Monday, January 26, 2015

Long Day's Journey Into Night: Gabe Beutel-Gunn

Hello all, Threepenny Theatre Company is back in the month of February, presenting Eugene O'Neill's great American family tragedy, Long Day's Journey into Night, running February 6th through February 22nd at TheatreWorks. As always, the show is set-you-own-admission with a suggested price of $15 dollars.

Once again it is time to meet the cast, starting with a familiar face for Threepenny. He was our Malcolm in Threepenny's production of Macbeth, so let's say hi to Gabe Beutel-Gunn.

Gabe - Edmund Tyrone

Hey Gabe. So, how long have you been in Memphis?

I've been in Memphis, let's see... it was June of 2013, I think? No, wait, it was July of 2013, so, about a year and a half. I came directly from Chicago. I went to college at Loyola University in Chicago. I studied theatre there. Bu before that, I was born and raised in Detroit, Michigan.

What are some of your favorite past roles?

Favorite past roles? Lots of them. There are very few that haven't been favorites. I was Benedick and then I was Caliban with Bikini Shakespeare in Chicago. Those were the two most recent things I did before I left Chicago. Since coming to Memphis, I've done a lot of good roles. I really liked Danny in The Submission on the Next Stage at Theatre Memphis, and then I just did Kipps in The Woman in Black with New Moon Theatre, which was a lot of fun. Malcolm in Macbeth with you guys. I could go on and on.

How did you find out about Threepenny?

When I auditioned for Macbeth, I didn't know anybody. I read about the auditions somewhere and went. When I got to the auditions everyone seemed to know everyone and I didn't know anyone, and I sort of felt like the outsider, but once I was cast and rehearsal began, I got to know everyone really quickly.

What are your thoughts on Long Day's Journey Into Night?

It's an amazing, amazing play. Truly a masterpiece of a master artist, or a writer, playwright, author, whatever term you want to use. It's so real and so powerful that I think that almost any family can relate to what goes on with the Tyrones in this play. It's so well done, and I think that Matt has put together a great cast. I love working with everyone. I can't wait. I can't wait for people to see it.

You play the baby boy of the Tyrone family?

*Laughs* Yeah, well it's fitting, because I was the younger of two brothers in real life, and I think Dylan was the older of two brothers? So it kind of works the way we are fit. So yeah, a lot of people consider me to be the baby of the family, even though the character is about as old as I am. The Tyrone family has sort of put all their hopes on Edmund in many ways, and Edmund is the only one who hasn't gone off the deep end, yet. So I think there's a lot of pressure on the character, at least that's how Edmund feels.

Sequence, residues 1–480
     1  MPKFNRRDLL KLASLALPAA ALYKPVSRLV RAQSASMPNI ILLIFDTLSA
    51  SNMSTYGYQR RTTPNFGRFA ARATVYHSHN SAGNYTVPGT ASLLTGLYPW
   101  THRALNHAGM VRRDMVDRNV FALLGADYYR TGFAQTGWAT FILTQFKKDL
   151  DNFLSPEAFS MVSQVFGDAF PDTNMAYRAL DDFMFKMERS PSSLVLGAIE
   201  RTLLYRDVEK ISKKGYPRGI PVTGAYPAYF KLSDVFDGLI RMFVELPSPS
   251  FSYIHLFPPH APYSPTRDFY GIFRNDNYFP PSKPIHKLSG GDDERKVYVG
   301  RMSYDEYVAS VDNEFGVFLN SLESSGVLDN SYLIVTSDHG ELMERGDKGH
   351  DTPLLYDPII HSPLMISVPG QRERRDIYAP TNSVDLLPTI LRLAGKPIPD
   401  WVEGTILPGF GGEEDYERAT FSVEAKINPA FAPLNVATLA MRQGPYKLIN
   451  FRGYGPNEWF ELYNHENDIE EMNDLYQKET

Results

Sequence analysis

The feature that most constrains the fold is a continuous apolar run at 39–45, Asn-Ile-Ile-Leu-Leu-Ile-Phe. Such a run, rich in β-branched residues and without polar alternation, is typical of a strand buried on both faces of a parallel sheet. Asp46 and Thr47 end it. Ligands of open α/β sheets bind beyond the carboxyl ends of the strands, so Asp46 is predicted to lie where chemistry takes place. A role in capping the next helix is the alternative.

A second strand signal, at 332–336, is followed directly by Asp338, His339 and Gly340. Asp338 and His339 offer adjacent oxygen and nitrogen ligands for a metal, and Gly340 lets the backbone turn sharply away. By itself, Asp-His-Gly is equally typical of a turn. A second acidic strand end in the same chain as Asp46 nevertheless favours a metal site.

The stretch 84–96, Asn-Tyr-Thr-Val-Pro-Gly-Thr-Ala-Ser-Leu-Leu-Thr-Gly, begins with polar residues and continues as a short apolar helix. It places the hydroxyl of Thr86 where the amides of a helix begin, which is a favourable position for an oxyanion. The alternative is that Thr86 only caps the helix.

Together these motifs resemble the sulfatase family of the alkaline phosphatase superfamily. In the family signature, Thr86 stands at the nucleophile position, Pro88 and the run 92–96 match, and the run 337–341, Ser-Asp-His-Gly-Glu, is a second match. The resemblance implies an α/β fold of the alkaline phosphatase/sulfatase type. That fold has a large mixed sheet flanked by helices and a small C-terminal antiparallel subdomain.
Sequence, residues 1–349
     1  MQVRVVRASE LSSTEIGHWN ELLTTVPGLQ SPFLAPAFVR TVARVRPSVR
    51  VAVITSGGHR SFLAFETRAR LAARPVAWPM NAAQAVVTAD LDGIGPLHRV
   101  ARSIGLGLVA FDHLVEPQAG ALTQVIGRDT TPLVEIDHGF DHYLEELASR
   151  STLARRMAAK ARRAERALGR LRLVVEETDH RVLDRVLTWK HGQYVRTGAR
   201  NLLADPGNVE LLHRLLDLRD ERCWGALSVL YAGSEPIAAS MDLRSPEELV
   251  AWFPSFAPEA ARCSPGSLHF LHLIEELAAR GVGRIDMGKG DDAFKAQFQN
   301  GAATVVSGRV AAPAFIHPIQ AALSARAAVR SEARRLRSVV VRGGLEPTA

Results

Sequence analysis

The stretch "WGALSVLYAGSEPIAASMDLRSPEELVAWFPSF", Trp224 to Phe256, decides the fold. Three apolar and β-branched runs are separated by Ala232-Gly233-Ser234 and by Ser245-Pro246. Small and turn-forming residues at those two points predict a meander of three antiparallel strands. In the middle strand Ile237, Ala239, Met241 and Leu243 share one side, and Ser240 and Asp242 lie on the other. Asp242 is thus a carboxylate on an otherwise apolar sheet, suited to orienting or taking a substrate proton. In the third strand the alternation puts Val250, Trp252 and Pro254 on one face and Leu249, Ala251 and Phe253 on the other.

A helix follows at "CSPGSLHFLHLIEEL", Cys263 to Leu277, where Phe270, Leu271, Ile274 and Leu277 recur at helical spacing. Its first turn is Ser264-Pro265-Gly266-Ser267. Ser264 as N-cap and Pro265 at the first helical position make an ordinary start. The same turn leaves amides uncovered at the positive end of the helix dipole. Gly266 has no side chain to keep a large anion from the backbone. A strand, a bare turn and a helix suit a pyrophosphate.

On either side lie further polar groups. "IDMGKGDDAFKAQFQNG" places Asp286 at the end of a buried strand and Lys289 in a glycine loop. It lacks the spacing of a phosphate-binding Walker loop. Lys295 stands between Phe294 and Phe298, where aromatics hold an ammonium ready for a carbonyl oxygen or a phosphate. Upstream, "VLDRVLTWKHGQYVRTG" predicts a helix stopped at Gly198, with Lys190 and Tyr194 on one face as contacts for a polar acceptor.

How is it working with your cast mates? 

It's fantastic. Matt has put together an amazing cast. Dylan and I worked together very closely in Macbeth  and so we are keeping that rapport going. This is my first time working with Christina and Bill and they are both very good actors. They give me a lot to work with when I'm doing a scene with them. It's a lot of fun.

Long Day's Journey Into Night is a very dark play, darker than a lot of shows Memphis audiences are used to. What do you think are the merits of putting on a show like this?

Because it's so good! It is dark material, but I think people need to see it. It can hold up a mirror to your own life. You can see the way this family might be struggling with the very same things you are struggling with in your family. The way the Tyrones handle conflict can allow you to reflect on the way you handle things in your own life.

It's just such a good play, and I think that people in Memphis should see that they can handle theatre like this, and it can be really productive.

Any last words to the audience coming to see Long Day's Journey Into Night?

Get ready for a powerhouse of a play.

Thank you Gabe. Check into tomorrow when we check in with an old friend.

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